The human studies facility allows for systems level physiology studies in adult volunteers to be conducted. This facility is fully equipped with instruments to conduct measurements of ECG, non-invasive continuous blood pressure, trans-cranial Doppler, capnography, pulse oximetry, respirometry, airflow measurements, impedance cardiography, and a tilt table is also available for research use. Polysomnography, also known as a sleep study, may be adequately performed with this equipment as well.
The animal facility is equipped with instrumentation that permits intra- and extracellular electrical recordings, a 256 channel data acquisition system, a 256 channel high speed analog switch, three high speed digital fluorescence based optical imaging devices for use at micro and macro scale, two Xenon arc light sources, vibration isolated workstations, computers for data acquisition, analysis and simulation, platforms for real-time implementation of developed algorithms using floating point DSP microprocessors. Two complete setups for micro-electrode recordings from isolated and perfused tissue are available. These setups include a total of four micro-electrodes, several pumps and heat exchangers, constant temperature baths, four micro-manipulators and two intracellular Axoclamp-2B microelectrode amplifiers along with a mechanical pipette puller.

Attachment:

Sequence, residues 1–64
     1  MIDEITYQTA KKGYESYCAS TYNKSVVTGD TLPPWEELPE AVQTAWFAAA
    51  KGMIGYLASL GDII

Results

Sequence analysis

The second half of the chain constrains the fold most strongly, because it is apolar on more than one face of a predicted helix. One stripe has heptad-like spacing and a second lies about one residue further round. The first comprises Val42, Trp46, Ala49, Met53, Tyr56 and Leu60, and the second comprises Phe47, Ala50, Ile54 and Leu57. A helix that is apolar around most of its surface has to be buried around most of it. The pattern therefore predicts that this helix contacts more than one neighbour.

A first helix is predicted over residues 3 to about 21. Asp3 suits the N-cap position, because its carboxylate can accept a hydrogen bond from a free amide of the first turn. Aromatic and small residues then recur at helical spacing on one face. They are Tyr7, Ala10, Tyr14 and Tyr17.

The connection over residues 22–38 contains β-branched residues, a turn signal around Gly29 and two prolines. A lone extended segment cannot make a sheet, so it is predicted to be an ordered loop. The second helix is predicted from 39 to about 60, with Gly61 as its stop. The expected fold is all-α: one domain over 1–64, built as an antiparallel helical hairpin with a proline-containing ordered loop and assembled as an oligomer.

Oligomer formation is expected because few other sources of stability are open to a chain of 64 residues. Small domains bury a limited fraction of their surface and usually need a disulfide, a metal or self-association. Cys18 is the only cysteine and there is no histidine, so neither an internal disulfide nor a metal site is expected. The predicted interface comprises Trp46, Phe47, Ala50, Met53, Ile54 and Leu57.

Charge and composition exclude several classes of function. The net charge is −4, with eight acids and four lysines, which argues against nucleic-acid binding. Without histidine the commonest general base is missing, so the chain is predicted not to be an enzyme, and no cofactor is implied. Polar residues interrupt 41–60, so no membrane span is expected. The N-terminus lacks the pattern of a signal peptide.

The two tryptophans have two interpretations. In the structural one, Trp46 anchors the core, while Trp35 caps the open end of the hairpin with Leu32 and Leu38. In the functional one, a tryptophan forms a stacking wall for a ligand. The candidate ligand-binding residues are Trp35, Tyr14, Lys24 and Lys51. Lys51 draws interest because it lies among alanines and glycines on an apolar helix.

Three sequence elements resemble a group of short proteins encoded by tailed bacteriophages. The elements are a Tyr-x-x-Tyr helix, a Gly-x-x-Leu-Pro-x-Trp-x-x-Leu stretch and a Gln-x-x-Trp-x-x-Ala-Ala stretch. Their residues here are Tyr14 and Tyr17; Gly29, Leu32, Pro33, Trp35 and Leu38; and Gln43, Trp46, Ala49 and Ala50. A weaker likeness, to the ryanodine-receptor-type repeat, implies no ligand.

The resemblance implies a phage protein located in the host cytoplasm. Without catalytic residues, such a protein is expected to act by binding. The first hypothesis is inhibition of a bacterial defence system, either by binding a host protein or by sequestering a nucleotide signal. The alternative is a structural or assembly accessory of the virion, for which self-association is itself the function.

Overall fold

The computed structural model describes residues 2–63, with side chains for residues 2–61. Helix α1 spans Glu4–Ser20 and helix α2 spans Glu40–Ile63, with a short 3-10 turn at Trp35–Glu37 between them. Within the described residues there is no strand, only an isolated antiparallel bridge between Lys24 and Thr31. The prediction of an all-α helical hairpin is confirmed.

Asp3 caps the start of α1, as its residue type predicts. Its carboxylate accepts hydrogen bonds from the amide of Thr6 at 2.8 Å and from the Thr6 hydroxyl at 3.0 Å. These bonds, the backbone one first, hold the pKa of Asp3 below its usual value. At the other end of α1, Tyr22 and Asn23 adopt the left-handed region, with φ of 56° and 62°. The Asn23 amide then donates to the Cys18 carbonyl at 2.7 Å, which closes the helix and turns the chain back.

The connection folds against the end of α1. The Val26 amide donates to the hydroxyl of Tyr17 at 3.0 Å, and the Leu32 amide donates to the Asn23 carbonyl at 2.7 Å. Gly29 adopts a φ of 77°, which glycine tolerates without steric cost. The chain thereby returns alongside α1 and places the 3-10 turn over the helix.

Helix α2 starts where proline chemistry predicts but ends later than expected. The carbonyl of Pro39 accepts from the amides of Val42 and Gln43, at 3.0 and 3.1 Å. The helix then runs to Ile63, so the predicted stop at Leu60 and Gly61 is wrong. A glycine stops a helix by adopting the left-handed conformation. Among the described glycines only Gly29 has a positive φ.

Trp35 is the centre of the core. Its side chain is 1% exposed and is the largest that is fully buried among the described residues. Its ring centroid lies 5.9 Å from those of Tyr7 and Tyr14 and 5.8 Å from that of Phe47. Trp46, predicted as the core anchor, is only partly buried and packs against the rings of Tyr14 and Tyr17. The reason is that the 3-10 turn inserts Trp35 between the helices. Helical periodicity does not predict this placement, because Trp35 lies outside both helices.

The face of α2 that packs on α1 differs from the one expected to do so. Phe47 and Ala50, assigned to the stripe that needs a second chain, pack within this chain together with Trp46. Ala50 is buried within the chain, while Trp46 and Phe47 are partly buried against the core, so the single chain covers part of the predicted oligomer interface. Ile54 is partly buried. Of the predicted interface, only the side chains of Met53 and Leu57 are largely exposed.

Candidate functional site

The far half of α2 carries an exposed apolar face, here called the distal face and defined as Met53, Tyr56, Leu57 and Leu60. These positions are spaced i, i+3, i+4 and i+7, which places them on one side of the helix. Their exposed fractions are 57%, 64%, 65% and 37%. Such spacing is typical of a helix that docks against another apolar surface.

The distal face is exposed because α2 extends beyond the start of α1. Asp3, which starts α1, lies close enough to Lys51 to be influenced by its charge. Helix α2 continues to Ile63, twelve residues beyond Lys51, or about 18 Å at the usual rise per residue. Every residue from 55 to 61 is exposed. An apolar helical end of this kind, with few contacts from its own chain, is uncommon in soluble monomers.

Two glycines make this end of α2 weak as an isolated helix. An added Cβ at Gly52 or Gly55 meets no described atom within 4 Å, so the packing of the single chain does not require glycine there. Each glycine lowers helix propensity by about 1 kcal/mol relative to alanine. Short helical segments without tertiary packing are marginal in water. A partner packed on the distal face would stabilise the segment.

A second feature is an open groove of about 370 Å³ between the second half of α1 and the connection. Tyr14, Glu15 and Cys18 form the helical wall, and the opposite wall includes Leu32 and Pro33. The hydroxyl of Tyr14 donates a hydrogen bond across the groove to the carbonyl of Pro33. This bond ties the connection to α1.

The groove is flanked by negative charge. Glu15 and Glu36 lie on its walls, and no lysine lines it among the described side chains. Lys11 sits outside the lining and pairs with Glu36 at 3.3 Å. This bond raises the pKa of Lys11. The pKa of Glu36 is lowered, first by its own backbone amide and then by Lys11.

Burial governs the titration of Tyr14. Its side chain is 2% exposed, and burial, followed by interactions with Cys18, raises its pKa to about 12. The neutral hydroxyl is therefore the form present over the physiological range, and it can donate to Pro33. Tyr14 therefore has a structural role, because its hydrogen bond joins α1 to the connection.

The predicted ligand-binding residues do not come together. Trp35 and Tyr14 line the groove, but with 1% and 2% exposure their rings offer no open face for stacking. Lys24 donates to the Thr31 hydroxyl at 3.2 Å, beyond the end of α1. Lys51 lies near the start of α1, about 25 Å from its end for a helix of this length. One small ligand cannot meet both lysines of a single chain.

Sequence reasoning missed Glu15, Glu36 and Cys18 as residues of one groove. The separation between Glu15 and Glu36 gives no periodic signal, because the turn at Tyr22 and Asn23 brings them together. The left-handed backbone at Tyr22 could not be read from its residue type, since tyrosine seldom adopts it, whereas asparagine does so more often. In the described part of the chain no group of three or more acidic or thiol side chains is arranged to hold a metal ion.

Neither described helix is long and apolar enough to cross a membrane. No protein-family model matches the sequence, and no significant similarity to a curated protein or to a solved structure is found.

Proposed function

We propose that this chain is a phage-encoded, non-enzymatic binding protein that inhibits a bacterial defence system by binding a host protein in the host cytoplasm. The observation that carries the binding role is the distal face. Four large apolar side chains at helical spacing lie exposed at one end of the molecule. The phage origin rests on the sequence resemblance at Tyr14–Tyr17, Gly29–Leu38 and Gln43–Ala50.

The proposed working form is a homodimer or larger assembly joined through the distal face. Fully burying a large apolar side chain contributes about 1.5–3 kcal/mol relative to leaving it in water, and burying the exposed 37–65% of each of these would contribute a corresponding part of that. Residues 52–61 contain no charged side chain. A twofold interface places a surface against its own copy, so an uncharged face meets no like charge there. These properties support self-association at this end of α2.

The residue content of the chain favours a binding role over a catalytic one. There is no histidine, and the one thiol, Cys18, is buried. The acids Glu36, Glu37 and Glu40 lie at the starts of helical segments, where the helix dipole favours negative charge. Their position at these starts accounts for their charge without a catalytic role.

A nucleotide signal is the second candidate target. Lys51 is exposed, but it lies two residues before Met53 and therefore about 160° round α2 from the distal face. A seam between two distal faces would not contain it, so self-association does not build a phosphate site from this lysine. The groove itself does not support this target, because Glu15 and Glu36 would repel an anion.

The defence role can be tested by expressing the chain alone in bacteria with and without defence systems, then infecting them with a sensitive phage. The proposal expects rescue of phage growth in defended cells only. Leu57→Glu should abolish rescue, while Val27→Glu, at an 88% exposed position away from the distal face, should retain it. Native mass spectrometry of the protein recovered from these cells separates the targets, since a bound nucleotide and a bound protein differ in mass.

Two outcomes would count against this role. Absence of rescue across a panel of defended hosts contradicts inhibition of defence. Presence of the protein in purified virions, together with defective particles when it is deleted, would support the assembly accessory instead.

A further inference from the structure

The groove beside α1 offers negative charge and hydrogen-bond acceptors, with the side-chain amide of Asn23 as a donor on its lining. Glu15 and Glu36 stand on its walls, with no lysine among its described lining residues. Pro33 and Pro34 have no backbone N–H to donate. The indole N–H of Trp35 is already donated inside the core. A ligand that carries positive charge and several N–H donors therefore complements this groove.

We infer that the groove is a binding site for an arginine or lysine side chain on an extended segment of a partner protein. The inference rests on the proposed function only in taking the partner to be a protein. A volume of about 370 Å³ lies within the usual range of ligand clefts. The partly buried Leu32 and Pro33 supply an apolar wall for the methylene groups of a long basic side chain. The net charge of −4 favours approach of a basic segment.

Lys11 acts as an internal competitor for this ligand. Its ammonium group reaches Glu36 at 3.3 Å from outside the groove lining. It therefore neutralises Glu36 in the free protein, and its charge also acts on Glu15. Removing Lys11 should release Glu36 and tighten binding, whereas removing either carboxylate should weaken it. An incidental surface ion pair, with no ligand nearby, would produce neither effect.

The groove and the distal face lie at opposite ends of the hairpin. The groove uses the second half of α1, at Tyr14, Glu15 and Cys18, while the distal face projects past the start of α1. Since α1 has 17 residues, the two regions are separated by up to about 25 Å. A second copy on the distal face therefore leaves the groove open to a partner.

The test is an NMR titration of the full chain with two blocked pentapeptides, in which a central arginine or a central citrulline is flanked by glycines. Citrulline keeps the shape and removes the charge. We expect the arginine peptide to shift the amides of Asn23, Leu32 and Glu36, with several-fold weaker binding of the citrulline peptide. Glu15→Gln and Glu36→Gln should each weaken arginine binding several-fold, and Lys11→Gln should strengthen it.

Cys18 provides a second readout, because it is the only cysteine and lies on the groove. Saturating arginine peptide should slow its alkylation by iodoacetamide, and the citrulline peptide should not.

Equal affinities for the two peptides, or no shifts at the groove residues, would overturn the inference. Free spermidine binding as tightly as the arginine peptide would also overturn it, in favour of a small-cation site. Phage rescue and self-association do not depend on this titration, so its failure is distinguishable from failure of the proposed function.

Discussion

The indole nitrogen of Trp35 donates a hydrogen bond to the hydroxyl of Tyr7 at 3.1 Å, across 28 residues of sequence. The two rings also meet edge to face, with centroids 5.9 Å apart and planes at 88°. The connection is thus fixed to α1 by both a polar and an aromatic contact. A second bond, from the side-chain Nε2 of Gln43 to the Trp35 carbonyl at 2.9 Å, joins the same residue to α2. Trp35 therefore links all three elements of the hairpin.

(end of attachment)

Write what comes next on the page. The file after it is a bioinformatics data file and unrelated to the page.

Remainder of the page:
Researchers also have access to several computers available for exclusive use by staff of the Cardiac Rhythm Laboratory. Various software suites are installed on these computers allowing for the most contemporary analysis techniques to be employed during investigations. Mathematical computation and analysis can be performed using MATLAB, FORTRAN and C++. CAD development and finite element analysis can be performed with SolidWorks. Laboratory instrumentation development and data acquisition can be accomplished with help from the LabView development suite from National Instruments. Several of these computers are equipped with A/D and D/A converters as well. The laboratory is equally suited for the development of electronics hardware.
Personnel who work in our laboratory typically have a Biomedical, Electrical, or Mechanical Engineering background. Examples of engineering tools that are frequently used in our research are application of real-time neural networks or adaptive signal processing, mathematical modeling, some degree of electronics hardware development such as TTL addressable interfaces, analog multiplexing, moderate speed analog switching, and custom program development utilizing real-time A/D and D/A conversion.